August 14, 2013

Killer Nu-Joe

We had a guest staying with us last week, so we were duty-bound to force Royals recipes on her.

Just who was this mystery guest?

I don't want to tell tales out of school, but it rhymes with "Hi Mister Fin Claw!"

Was that clear?


It was my sister-in-law, you idiot.


We made Royals recipes!

Two of them!

I'll just cover one today and save the other for next week when I'm flummoxed and don't know what the hell to write about.


That's the title page of the book. I don't think I've posted it before, but it's pretty sweet.

Anyway, we were looking for something with just the right mix of appealing and disgusting to share with our house guest, and we were pretty sure we'd found it when we came across Steve Busby's entry.

Busby, as you probably know, put together three strong seasons as a Royals starter before a torn rotator cuff effectively ended his playing career. He was the first pitcher to get surgery to repair the injury, but he was never the same and retired at the age of 30. In 1996, Busby served as the television play-by-play voice of the Royals, but he was fired at the end of the year. He wasn't the best announcer, but it's pretty upsetting that Steve Physioc has been given a longer leash than Buzz. If you're interested in hearing Busby call a game, he's now doing TV for the Texas Rangers.

Let's check out the favorite meal of the first great Royals pitcher:

That's right, Buzz was fond of something called Nu-Joe Special.

Say it out loud.


There's magic in those words.
Here are the ingredients:

Buzz's recipe calls for a #2 1/2 can of spinach, which is 27 to 29 ounces, so we used most of two 16-ounce bags (basically, a shitload).

You'll also notice we were planning to use something called Nu-Salt rather than real salt:

Then we tasted it and it made us want to kill ourselves.

Overbearingly bitter with a strongly bitter aftertaste, you'd probably be better off cooking with sidewalk de-icer.

Editor's Note: Please don't ingest sidewalk de-icer. Or Nu-Salt. Also real salt is bad for you, too. You probably should just avoid eating. Sorry.

Anyway, we tossed aside the Nu-Salt and got started with the Nu-Joe Special.

Here are some revolting pictures which document the process:


The house was filled with the smell of cooked spinach. Better than cabbage stank, but still a little off-putting.

We pulled our garlic toast out of the oven and piled on the Nu-Joe Special.

The three of us were a little apprehensive, but we didn't have anything else to eat so we dug in.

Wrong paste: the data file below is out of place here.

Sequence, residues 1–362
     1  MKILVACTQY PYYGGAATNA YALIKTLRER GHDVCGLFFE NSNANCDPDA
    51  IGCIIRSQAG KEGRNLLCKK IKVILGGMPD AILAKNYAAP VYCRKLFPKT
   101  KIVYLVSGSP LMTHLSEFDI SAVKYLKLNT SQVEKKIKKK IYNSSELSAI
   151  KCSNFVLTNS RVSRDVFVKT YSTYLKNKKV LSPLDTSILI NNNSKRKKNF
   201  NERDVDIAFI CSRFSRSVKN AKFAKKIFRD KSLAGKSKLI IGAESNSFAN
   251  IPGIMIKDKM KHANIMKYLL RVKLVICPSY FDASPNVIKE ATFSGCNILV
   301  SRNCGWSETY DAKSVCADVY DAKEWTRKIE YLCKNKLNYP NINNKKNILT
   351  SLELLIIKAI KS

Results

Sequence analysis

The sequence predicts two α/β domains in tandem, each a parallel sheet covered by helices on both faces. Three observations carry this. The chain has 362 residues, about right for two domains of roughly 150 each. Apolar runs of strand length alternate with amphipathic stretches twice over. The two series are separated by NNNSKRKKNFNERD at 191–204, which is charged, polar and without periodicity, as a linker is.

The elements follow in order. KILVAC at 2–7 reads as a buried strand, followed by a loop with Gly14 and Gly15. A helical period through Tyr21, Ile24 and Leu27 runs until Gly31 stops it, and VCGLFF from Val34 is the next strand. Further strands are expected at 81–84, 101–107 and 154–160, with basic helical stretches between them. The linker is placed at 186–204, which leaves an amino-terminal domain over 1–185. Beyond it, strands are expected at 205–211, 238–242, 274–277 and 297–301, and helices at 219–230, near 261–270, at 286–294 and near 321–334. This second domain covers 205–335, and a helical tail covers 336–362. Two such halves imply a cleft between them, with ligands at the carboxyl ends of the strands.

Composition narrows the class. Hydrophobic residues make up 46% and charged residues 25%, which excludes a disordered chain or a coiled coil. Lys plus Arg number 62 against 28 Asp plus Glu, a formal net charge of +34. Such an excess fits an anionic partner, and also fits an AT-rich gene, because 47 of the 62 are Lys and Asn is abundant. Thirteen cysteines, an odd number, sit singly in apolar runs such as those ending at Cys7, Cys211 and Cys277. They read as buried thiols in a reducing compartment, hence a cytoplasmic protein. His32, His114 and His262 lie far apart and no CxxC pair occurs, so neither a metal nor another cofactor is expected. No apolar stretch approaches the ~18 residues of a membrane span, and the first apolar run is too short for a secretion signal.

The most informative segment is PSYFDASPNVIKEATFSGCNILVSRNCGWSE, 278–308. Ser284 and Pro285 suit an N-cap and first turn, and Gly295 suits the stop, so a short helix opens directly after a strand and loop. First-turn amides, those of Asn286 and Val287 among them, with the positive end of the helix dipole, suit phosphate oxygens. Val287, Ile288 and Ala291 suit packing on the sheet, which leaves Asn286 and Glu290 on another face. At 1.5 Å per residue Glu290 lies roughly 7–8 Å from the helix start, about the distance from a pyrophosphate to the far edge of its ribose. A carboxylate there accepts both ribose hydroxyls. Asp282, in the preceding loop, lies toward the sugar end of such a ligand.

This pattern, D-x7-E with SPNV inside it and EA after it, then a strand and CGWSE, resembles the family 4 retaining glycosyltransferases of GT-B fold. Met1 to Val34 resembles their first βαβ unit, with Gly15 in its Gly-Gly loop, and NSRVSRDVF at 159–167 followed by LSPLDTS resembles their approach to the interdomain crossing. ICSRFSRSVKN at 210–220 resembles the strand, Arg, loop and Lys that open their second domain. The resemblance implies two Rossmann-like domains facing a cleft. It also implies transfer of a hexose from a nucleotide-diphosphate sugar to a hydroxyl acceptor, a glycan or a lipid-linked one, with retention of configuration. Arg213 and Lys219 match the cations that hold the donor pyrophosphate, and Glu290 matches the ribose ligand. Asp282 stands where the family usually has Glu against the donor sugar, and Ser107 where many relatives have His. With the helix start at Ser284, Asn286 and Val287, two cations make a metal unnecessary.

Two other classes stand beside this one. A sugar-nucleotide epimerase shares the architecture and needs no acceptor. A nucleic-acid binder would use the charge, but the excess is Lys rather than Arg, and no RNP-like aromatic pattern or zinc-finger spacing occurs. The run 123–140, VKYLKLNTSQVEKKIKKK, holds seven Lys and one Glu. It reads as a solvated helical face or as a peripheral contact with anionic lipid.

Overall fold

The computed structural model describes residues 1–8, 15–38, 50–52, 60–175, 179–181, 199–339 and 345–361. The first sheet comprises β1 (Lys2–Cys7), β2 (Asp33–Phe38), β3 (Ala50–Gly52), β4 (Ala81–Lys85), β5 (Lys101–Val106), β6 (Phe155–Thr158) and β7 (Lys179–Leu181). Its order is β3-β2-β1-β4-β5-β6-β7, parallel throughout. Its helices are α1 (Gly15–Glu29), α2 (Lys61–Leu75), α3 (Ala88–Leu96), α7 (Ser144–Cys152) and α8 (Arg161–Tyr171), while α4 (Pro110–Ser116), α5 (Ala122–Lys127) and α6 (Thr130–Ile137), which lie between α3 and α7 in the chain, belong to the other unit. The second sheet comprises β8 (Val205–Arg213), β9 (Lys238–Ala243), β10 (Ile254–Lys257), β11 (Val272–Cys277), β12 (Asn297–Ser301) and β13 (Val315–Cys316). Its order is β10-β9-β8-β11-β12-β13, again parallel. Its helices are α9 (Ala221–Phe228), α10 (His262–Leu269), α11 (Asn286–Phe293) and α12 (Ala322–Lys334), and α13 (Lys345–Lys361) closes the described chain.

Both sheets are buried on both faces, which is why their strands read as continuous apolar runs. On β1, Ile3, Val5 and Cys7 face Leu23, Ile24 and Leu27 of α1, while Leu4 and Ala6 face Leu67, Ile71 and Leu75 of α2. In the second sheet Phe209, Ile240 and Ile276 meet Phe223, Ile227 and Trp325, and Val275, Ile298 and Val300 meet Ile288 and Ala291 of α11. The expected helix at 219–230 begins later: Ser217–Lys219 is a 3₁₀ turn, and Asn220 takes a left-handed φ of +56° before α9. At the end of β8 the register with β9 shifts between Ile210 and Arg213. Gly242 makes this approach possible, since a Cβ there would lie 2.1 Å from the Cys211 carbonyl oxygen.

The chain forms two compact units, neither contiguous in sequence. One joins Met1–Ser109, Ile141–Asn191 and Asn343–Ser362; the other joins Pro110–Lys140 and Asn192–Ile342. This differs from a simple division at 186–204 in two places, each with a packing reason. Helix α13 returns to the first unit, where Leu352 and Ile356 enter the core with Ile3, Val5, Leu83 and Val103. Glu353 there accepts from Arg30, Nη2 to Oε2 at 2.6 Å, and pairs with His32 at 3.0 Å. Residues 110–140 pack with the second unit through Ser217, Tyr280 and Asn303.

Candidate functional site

It was a little dry, and goddamn was there a ton of spinach, but it was actually good. Like, really, really good. The key was to get a good mix on your fork-- eggs, meat, spinach, and garlic bread-- and it was delicious. Sort of like a loose-meat sandwich combined with a spinach frittata. Tasty and filling.

The sister-in-law and I both loved it and ate large plates of the Nu-Joe.

My wife, however, wasn't a fan. She doesn't like large quantities of cooked spinach, I guess. She described it as "edible, but mildly unpleasant," though she did say it tasted "like something other people would like."

Of course, she also said it was "like a fucking Popeye breakfast," so who knows.

When I make this again, I'll probably use fresh spinach (and maybe a little less), more onions (and earlier in the process), and an additional egg or two.

In fact, I'm excited to make it again. I liked it that much.

Mmmmmm, Nu-Joe Special.

Time for ratings:

Sister-in-Law: 4/5

Wife: 3/5

Me: 4+/5 (potential to be 5/5 with some tweaks)

Any final thoughts, Royals Hall of Famer Steve Busby?

Well said, Buzz.

Go Nu-Joe Special! You're the Best!


  1. Wyzburro12:23 PM

    I moved from KC to the SF Bay Area when I was a kid, a few years before this Royals cookbook was published. Looking at this recipe, I recalled there was a restaurant that I thought was called Alameda Joe's that was famous for this dish. Alameda is very close to the Oakland Coliseum, so it's quite likely Buzz and the boys went there for a bite, or made it all the way over to Original Joe's (which I believe was the parent restaurant) in San Francisco. It's not exact to the Joe's recipe (thus why it's probably called "Nu-Joe". I can't find anything that verifies this as complete truth (working on memory here), but I did find this recipe, which might help you improve your Nu-Joe:

    1. Thanks for the info and link, Wyzburro! I know the item is very popular in San Francisco, with most places out there calling it just "Joe's Special." Of course, most of the restaurants out there claim they invented it. Buzz was born in Burbank and lived in Southern California even while he was a Royal, so that may be another reason why he was familiar with the dish from up the coast.

      It's cool to think that Alameda Joe's may have been sort of like Oklahama Joe's is now in KC for visiting teams to stop and get a bite. While I like the Nu-Joe Special, I'd probably take a Z-man over it.

  2. Jack Karwoski2:45 PM

    Fuck you, man! I love Nu-Salt!


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